A Danish report by Ruwald et al62 has raised doubts about the good prognosis of syncope in apparently healthy patients. These authors studied 37 017 patients with a first syncopal episode between 2001 and 2009, which was recorded in a nationwide database (median age, 47 years). Forty percent of these patients were selected because they had no heart disease or comorbidities, and they were followed for a mean period of 4.5 years. They were compared with a control sample of > 185 085 individuals. The all-cause mortality at 1 year was low and was identical in the 2 groups (≈ 2%), but in the subgroup of intermediate age, defined as 25 years to 74 years, the all-cause mortality was higher among patients with syncope (hazard ratio = 1.3-2.0). Over the long term, the all-cause mortality was higher in all the age groups, except the group aged > 75 years. These surprising results implied an increase in hospital admissions for cardiac causes, recurrent syncope and stroke, and a higher incidence of device implantations (pacemakers and defibrillators). Although the report has limitations (the definition of comorbidities may be vague, the lack of the electrocardiogram from the index episode, and scarce data on the type of death), it raises doubts about the prognosis of syncope in an apparently healthy population, at least in the subgroup of individuals of intermediate age, which new epidemiological studies will have to substantiate or refute.


None declared.

E. González-Torrecilla, R. Peinado, J. Almendral, A. Arenal, F. Atienza, J. Garcia-Fernandez, et al.
Reappraisal of classical electrocardiographic criteria in detecting accessory pathways with a strict para-Hisian location.
Heart Rhythm, 10 (2013), pp. 16-21
M. Haghjoo, E. Bahramali, M. Sharifkazemi, S. Shahrzad, M. Peighambari.
Value of the aVR lead in differential diagnosis of atrioventricular nodal reentrant tachycardia.
Europace, 14 (2012), pp. 1624-1628
F.J. García-Fernández, J. Almendral, M. Pachón, E. González-Torrecilla, J. Martín, R. Gallardo.
Differentiation of atrioventricular nodal reentrant tachycardia from orthodromic reciprocating tachycardia by the resetting response to ventricular extrastimuli. Comparison to response to continuous ventricular pacing.
J Cardiovasc Electrophysiol, 24 (2013), pp. 534-541
V. Bazan, N. Grau, E. Valles, M. Felez, C. Sanjuas, M. Cainzos-Achirica, et al.
Obstructive sleep apnea in patients with typical atrial flutter. Prevalence and impact on arrhythmia control outcome.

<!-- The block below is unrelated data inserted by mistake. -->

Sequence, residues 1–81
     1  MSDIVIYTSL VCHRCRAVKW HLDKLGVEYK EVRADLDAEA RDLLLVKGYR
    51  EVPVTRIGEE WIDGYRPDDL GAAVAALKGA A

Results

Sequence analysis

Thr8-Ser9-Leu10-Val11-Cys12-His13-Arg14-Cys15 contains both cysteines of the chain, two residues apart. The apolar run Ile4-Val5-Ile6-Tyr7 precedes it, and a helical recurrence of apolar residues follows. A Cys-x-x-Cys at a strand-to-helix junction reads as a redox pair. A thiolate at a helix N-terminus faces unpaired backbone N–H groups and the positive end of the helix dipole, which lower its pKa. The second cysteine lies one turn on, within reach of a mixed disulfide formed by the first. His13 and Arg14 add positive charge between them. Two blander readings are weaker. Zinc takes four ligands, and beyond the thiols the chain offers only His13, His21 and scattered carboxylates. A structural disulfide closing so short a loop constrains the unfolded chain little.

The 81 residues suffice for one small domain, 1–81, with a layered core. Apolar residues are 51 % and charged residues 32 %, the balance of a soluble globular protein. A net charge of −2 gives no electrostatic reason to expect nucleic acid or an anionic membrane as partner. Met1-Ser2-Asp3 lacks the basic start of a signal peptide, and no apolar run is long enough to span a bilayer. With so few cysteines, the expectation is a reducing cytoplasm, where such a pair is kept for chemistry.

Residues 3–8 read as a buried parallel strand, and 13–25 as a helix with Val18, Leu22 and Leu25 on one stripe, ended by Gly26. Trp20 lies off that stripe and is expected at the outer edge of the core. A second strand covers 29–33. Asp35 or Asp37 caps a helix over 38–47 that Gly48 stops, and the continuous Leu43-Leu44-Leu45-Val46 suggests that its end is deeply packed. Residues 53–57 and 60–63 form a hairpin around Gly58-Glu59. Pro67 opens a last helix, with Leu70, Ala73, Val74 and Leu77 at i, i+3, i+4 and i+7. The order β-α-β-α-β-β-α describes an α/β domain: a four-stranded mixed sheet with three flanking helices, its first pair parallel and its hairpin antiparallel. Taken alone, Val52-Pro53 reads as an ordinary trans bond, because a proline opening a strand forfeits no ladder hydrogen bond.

Chest, 143 (2013), pp. 1277-1283
J. García-Seara, F. Gude, P. Cabanas-Grandío, J. Martínez-Sande, X. Fernández-López, J. Elices-Tejada, et al.
Remodelado cardiaco inverso estructural y funcional en pacientes con aleteo auricular típico sometidos a ablación del istmo cavotricuspídeo.
Rev Esp Cardiol, 65 (2012), pp. 1003-1009
G. Morales, L. Macle, Y.P. Khairy, R. Charnigo, E. Davidson, S. Thal, et al.
Adenosine testing in atrial flutter ablation: unmasking of dormant conduction across the cavotricuspid isthmus and risk of recurrence.
J Cardiovasc Electrophysiol, 24 (2013), pp. 995-1001
M. Vázquez, E. Santos, I. Rodriguez, A. Pato, M. Vilar, J.C. Arias, et al.
Valoración mediante resonancia magnética cerebral de embolias clínicamente silentes en pacientes con fibrilación auricular sometidos a cardioversión eléctrica.
Rev Esp Cardiol, 65 (2012), pp. 139-142
R. Marfella, F.C. Sasso, M. Siniscalchi, M. Cirillo, P. Paolisso, C. Sardu, et al.
Brief episodes of silent atrial fibrillation predict clinical vascular brain disease in type 2 diabetic patients.
J Am Coll Cardiol, 62 (2013), pp. 525-530
J. Almendral, E. Castellanos, A. Ruiz-Navarro.
Tratamiento antiarrítmico no farmacológico de la fibrilación auricular en fase crónica. Papel de las técnicas invasivas: ablación por catéter.
Rev Esp Cardiol Supl, 13 (2013), pp. 27-32
J. Cosedis Nielsen, A. Johannessen, P. Raatikainen, G. Hindricks, H. Walfridsson, O. Kongstad, et al.
Radiofrequency ablation as initial therapy in paroxysmal atrial fibrillation.
N Engl J Med, 367 (2012), pp. 1587-1595
D.G. Jones, S.K. Haldar, W. Hussain, R. Sharma, D.P. Francis, S.L. Rahman-Haley, et al.
A randomized trial to assess catheter ablation versus rate control in the management of persistent atrial fibrillation in heart failure.
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Revista Española de Cardiología (English Edition)